Supplementary Material for: Tattoo Pigments Are Observed in the Kupffer Cells of the Liver Indicating Blood-Borne Distribution of Tattoo Ink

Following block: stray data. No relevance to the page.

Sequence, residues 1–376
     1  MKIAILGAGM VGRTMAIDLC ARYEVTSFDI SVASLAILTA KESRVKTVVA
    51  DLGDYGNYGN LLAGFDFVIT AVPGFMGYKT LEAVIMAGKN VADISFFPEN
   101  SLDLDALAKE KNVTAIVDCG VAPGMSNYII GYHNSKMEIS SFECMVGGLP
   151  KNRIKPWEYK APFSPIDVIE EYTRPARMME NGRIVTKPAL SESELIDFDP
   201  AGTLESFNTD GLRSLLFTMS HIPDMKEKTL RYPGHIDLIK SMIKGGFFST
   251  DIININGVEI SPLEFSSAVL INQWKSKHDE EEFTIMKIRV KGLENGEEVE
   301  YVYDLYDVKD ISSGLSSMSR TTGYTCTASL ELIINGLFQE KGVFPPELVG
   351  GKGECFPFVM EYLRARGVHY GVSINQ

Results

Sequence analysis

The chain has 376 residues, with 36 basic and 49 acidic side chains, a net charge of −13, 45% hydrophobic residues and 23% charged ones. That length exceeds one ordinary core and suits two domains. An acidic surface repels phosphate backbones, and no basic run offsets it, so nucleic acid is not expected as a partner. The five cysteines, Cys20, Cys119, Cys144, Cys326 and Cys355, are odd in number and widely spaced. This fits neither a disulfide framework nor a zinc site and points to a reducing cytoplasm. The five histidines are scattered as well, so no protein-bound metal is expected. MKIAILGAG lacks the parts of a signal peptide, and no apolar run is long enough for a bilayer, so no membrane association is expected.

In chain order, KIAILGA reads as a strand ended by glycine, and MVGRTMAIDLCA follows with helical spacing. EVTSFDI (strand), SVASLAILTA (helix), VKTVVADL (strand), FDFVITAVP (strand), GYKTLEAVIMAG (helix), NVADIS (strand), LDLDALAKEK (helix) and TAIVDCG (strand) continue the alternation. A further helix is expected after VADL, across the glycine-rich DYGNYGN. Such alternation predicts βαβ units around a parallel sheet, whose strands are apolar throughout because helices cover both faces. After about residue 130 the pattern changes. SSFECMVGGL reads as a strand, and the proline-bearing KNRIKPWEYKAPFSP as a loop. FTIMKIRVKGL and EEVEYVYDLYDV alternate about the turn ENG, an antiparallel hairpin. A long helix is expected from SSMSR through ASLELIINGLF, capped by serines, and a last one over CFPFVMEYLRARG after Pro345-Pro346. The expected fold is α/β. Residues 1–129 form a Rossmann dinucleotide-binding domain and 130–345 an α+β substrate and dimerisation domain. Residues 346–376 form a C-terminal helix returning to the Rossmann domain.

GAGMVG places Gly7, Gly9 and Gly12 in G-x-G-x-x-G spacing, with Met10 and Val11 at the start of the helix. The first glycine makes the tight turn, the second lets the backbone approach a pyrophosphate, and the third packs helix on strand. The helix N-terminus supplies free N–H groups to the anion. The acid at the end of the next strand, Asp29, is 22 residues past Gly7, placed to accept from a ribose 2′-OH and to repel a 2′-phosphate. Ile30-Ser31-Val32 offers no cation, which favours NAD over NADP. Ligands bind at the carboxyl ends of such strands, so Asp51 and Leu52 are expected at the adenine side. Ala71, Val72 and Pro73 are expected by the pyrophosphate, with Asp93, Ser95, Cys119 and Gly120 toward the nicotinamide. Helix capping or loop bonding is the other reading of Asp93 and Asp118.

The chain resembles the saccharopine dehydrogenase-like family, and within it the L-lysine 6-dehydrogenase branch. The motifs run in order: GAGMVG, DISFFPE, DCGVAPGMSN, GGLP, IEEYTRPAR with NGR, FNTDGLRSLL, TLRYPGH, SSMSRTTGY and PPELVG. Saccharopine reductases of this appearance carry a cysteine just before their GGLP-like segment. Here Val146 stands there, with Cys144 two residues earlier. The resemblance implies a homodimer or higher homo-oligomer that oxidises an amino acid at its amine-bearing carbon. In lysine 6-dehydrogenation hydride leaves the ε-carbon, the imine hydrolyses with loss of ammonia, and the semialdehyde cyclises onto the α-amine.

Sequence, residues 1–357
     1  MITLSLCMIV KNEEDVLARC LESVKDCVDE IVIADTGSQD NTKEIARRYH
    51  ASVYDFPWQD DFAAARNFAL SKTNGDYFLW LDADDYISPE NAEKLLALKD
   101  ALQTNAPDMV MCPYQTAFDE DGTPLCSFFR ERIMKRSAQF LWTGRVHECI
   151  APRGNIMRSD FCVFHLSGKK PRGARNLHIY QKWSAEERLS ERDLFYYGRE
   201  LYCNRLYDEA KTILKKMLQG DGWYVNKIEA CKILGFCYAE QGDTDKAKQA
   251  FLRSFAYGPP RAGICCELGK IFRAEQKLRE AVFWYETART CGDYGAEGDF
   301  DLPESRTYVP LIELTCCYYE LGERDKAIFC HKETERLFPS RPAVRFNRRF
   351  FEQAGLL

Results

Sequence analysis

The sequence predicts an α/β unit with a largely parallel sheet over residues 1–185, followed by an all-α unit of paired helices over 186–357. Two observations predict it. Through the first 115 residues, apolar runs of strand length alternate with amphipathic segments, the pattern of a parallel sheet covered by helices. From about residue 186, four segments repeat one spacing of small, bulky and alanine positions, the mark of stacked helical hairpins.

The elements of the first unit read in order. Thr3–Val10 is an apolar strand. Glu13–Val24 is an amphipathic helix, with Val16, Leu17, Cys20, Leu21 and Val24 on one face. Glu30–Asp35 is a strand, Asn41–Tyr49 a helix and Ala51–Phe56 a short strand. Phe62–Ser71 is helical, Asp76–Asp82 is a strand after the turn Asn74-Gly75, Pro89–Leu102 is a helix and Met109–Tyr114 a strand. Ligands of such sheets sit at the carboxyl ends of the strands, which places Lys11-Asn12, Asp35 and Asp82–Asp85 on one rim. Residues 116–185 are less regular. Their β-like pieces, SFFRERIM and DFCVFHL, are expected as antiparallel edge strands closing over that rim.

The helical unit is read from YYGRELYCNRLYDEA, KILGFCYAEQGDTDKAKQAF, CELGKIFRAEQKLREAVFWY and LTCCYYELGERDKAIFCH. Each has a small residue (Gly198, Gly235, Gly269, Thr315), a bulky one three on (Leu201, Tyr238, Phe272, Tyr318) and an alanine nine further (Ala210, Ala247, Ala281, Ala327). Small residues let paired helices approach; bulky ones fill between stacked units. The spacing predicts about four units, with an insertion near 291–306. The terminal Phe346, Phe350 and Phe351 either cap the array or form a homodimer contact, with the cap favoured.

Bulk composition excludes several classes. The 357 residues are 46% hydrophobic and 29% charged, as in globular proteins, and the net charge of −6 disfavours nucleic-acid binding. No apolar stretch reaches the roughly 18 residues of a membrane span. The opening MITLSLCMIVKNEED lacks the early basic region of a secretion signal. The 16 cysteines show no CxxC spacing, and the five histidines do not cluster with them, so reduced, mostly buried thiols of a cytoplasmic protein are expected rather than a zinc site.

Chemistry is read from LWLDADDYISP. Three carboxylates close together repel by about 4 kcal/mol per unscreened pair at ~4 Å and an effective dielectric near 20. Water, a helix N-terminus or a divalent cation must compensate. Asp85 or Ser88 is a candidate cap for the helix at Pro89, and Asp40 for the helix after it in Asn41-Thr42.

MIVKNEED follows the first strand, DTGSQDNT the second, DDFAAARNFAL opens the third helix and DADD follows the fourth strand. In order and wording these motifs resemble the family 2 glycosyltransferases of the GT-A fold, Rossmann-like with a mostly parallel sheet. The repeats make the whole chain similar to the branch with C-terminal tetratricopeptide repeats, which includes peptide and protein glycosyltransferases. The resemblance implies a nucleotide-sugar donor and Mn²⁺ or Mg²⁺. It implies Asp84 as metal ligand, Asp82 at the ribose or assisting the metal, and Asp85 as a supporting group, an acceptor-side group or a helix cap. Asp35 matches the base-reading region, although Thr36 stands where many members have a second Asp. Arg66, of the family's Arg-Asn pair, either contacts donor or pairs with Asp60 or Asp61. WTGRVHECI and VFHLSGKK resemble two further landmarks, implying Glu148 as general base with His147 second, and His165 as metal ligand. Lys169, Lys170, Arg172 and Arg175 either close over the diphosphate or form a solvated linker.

Aim: Tattoo pigments are deposited in the skin and known to distribute to regional lymph nodes. Tattoo pigments are small particles and may be hypothesized to reach the blood stream and become distributed to peripheral organs. This has not been studied in the past. The aim of the study was to trace tattoo pigments in internal organs in mice extensively tattooed with 2 different tattoo ink products. Material/Methods: Three groups of mice were studied, i.e., 10 tattooed black, 10 tattooed red, and 5 untreated controls. They were tattooed on the entire back with commercial tattoo inks, black and red. Mice were sacrificed after 1 year. Samples were isolated from tattooed skin, lymph nodes, liver, spleen, kidney, and lung. Samples were examined for deposits of tattoo pigments by light microscopy and transmission electron microscopy (TEM). Results: TEM identified intracellular tattoo pigments in the skin and in lymph nodes. TEM in both groups of tattooed mice showed tattoo pigment deposits in the Kupffer cells in the liver, which is a new observation. TEM detected no pigment in other internal organs. Light microscopy showed dense pigment in the skin and in lymph nodes but not in internal organs. Conclusion: The study demonstrated black and red tattoo pigment deposits in the liver; thus, tattoo pigment distributed from the tattooed skin via the blood stream to this important organ of detoxification. The finding adds a new dimension to tattoo pigment distribution in the body, i.e., as observed via the blood in addition to the lymphatic pathway.